Thursday, December 15, 2005

From a Discussion with Robin Hanson on Idea Futures

Robin Hanson:

"You are making a crucial assumption here - that the
main social role and function performed by academia is
to increase knowledge and offer informed assessments.
If this were true, then the customers of academia
might indeed switch to an institution which better
performed such roles and functions."

I agree that academia is driven by many preferences
other than "to increase knowledge and offer informed
assessments." But insofar as at least some funders,
including both philanthropists and the voting public,
believe that the primary purpose of universities is to
increase knowledge and offer informed asssessments,
idea futures create the prospect of driving a wedge
between this one popularly accepted function of the
universities and the actual matrix of preferences

Although numerous agents are able to have their
prestige needs met by means of existing academic
institutions (including donors, students, and their
parents), in effect they are free riding on the lofty
reputation of universities as purveyors of truth and
wisdom. A public social mechanism (such as idea
futures) that introduced a credible wedge between
existing academic pretenses, on the one hand, and
actual intellectual value, on the other, would have
tremendous repercussions for existing academic
institutions. I would bet on it.

Prizes do seem to be increasingly recognized as a
valid form of encouraging discovery. As you point
out, idea futures may be seen as a broader and more
flexible institution - information prizes. As this
approach became a credible means of adjuticating
disputes in areas of science in which it is difficult
to discern truths, such as climatology and economic
development, at some point there would be people
interested in "testing" the claims of academics in
sociology, cultural studies, etc.

There are individual academics in such fields whose
predictions would be seen to have no value. They may
avoid making specific claims, but if they were
continually pushed to make predictions in the areas in
which they alleged some empirical insight or
expertise, but refused to put their money on the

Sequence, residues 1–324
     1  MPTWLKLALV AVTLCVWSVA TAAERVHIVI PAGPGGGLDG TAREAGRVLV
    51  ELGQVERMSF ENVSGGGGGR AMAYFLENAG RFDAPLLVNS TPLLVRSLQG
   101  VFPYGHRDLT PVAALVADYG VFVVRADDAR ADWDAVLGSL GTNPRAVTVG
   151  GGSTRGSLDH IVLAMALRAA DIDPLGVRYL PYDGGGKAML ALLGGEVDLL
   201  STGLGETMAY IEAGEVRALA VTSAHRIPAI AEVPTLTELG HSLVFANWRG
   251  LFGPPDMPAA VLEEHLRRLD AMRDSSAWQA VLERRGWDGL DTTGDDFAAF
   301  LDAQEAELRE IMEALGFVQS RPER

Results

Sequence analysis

empirical implications of their claims, their
credibility (such as it is) would rapidly erode to

I am struck by the way in which in the market at large
there is a relentless ongoing pursuit to maximize
value. This does not mean that everyone everywhere is
always seeking to obtain as much value as possible,
but it does mean that entrepreneurs who offer greater
value than competitors can always find a niche in
which they will be successful. Idea futures would not
instantly change academia, but there would be at least
some suppliers of "knowledge and informed assessments"
who offered superior products and there would be at
least some consumers of "knowledge and informed
assessments" who would "purchase" such products
(philanthropically or as students).

These early adopters would recursively encourage the
exploration of new frontiers of value-added
intellectual advancement; new generations of such
suppliers and of such consumers would have ever-more
refined means of supply quality and perceiving

Perhaps some of our universities would adapt and
survive. Perhaps some would not. A new species of
institution might be created (like the joint-stock
company that you mention for pursuing a science
prize). We don't know what these new institutions
would look like, but they would be driven by the
pursuit of valid, "safe bet" knowledge in some manner
that is inconceivable to our current solipsistic
academic paradigm.

Indeed, such institutions would develop an incentive
to innovate ever better means of proving their
superiority over the dying universities. As they
obtained sufficient capital and talent, including
marketing and p.r. departments, they would find ways
to publicize their victories as compared to their
competitors. At some point thirty years from now,
perhaps "The Safe Bet Truth Corporation" (based in
China?) will challenge the Harvard faculty to a
comprehensive series of truth bets - and, in a high
profile case, blow them out of the water.

Tourists will nostalgically visit university campuses
much as they visit medieval cathedrals. And, just as
with medieval cathedrals, services will still be held
there, but the living power and prestige have gone